The probe that made Wednesday’s historic comet landing has already started to beam valuable information back to earth, the mission’s scientists say.
Scientists have used both ground- and space-based telescopes to study comets for years. In addition, spacecraft have made brief visits to such celestial bodies, including one that flew past Halley’s comet in 1986, and another that crashed a probe into the surface of a comet in 2005.
But Europe’s €1.3 billion ($1.62 billion) Rosetta project is expected to surpass all those missions because it is getting up close and personal with a comet for a lengthy period—by orbiting it, by landing a probe on its surface, and in accompanying it as the comet moves closer to the sun.
In the months before the probe’s landing on the comet on Wednesday, “we’ve collected more data about a comet” than has ever been assembled before, said Matt Taylor, project scientist for Rosetta, a mission masterminded by the European Space Agency.
Scientists want to learn about comets because they are essentially deep frozen leftovers that hold clues about how the solar system formed and evolved. They are made of ice, gas and dust—ancient debris that has survived largely intact for some 4.5 billion years.
Scientists already know quite a bit about the comet, known as 67P/Churyumov-Gerasimenko. Images taken by Rosetta reveal a comet about 4 miles in diameter, with two segments joined by a “neck,” giving it a duck-like appearance. There are sharp cliffs, crevices and boulders. To many scientists’ surprise, the surface appears to be mainly dust rather than ice, though ice is expected to lie in lower layers.
Rosetta’s sensors have also been “sniffing” 67P’s fumes since August, when it began to orbit the comet. The data suggest that comets give off a faint but heady mix of odours, including that of rotten eggs (hydrogen sulphide), horse stable (ammonia), almonds (hydrogen cyanide), alcohol (methanol) and vinegar (sulphur dioxide).
Instruments aboard Rosetta show the comet’s growing “coma,” an envelope of gases surrounding its nucleus, is mainly water and carbon dioxide, mixed with carbon monoxide. The coma, which stretches more than 20,000 kilometres, will get even longer as 67P flies closer to the sun and more surface material gets blasted into space.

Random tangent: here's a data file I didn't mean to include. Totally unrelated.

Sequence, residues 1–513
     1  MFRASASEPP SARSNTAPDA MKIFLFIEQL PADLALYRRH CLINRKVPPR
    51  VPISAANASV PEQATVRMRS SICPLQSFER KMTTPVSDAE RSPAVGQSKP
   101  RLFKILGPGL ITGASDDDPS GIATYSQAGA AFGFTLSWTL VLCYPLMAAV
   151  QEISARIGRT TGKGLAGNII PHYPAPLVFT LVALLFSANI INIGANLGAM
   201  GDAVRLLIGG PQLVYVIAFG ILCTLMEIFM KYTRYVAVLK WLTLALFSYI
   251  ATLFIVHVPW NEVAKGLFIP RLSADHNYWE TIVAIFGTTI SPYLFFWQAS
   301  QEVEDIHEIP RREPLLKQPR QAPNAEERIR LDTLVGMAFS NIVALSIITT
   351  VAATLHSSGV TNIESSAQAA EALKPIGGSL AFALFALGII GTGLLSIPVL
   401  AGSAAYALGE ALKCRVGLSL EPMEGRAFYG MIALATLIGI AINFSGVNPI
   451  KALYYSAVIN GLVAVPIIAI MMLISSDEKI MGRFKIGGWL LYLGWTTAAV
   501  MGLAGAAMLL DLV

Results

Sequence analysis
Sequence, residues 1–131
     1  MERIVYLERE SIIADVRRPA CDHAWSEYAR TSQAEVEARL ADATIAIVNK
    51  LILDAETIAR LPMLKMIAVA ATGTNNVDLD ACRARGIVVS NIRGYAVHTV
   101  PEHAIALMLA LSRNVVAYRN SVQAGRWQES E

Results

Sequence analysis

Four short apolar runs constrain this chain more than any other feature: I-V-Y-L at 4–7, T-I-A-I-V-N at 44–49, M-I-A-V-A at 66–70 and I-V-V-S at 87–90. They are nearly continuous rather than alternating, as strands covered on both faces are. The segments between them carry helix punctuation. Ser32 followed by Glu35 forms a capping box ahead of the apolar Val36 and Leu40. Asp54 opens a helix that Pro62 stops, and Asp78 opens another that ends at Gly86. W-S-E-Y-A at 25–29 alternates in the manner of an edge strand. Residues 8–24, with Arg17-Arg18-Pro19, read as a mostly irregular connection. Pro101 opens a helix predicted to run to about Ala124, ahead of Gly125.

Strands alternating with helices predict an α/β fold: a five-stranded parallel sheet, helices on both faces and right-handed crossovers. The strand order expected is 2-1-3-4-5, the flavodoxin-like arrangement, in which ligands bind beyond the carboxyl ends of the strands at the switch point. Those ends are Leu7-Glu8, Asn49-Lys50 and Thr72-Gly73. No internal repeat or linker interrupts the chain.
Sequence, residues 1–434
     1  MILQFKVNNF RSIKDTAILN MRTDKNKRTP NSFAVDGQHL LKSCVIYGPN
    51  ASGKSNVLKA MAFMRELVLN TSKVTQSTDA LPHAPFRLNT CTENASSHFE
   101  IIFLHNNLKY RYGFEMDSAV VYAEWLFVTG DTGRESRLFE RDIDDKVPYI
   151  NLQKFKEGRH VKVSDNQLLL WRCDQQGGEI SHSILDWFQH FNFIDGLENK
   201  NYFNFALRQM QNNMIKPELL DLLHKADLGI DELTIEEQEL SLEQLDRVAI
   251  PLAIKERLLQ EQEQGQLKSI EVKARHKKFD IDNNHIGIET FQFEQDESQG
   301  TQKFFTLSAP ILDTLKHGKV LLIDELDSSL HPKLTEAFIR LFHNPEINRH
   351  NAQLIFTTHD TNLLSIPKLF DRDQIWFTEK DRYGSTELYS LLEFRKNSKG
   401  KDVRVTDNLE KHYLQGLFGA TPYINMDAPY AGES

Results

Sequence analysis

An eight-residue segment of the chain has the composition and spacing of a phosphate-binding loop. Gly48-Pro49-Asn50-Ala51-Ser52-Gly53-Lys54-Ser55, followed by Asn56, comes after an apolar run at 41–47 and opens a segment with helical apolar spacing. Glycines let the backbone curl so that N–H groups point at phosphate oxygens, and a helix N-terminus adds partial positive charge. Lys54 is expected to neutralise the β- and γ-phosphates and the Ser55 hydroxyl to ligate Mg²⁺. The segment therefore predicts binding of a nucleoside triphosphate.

The lander is also expected to analyse the water on 67P to see if it is of the same chemical “flavour” as water found on earth. If it is, that would bolster a theory that at least some of earth’s water could have been brought here by comets.
The Rosetta mission could also provide information about whether comets could have brought life’s basic building blocks to earth, such as amino acids, which make proteins. A previous mission had discovered the amino acid glycine on a comet. Philae will examine the comet’s surface to see if it, too, can find any trace of amino acids.
“The possibility is that comets brought not just water, but—trapped in the water—organic components that are the missing link for explaining the emergence of life on earth,” said Jean-Pierre Bibring, lead lander scientist.
If Philae can survive the landing and continue to work for several weeks or even months on solar-powered backup batteries, it could also collect valuable data as 67P flies closer to the sun. Unless it gets shrouded in dust, it may be in a position to collect data as the heat boils off the comet’s icy nucleus and generates the bright halo and ion-and-dust tails that are typical of comets.
Even if Philae’s days are numbered, Rosetta will continue to orbit the comet for months to come. During all that time, its instruments will continue to study the comet’s makeup and activity and send that data back to earth.
For now, 67P continues to baffle scientists. On Tuesday, scientists said the comet seemed to be emitting a “song” in the form of oscillations in its magnetic field. Though emitted below the range of human hearing, it was made audible by increasing the frequencies by a factor of about 10,000.
“We didn’t expect this and we are still working to understand the physics of what is happening,” said Karl-Heinz Glassmeier, a researcher at the Technische Universität Braunschweig, Germany.